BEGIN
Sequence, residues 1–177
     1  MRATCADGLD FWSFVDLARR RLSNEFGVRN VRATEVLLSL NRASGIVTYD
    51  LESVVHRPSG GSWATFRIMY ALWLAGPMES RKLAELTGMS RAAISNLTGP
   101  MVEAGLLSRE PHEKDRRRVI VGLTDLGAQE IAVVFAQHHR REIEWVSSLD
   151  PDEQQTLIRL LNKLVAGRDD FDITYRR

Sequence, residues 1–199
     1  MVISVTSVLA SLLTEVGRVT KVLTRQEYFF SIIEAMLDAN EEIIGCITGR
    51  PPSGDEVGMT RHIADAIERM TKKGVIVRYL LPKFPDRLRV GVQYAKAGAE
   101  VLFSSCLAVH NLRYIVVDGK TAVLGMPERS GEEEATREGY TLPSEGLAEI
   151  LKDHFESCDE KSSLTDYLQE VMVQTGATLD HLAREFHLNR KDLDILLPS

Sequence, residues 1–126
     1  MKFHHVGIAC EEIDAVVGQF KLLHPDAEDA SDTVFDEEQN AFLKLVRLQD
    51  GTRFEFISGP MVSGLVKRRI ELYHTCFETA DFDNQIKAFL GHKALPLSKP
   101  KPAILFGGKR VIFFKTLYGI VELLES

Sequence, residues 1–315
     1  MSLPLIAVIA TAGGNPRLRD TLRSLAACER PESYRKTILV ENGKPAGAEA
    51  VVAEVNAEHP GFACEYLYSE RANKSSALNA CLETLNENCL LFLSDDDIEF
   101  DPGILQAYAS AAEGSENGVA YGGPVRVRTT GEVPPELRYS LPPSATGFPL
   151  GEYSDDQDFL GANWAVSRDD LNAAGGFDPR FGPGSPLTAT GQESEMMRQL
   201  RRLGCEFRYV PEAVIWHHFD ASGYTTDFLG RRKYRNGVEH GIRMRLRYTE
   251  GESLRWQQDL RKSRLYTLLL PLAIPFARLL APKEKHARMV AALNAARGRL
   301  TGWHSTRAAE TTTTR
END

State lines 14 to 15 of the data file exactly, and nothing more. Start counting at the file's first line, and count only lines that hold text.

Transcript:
   101  KPAILFGGKR VIFFKTLYGI VELLES

Sequence, residues 1–315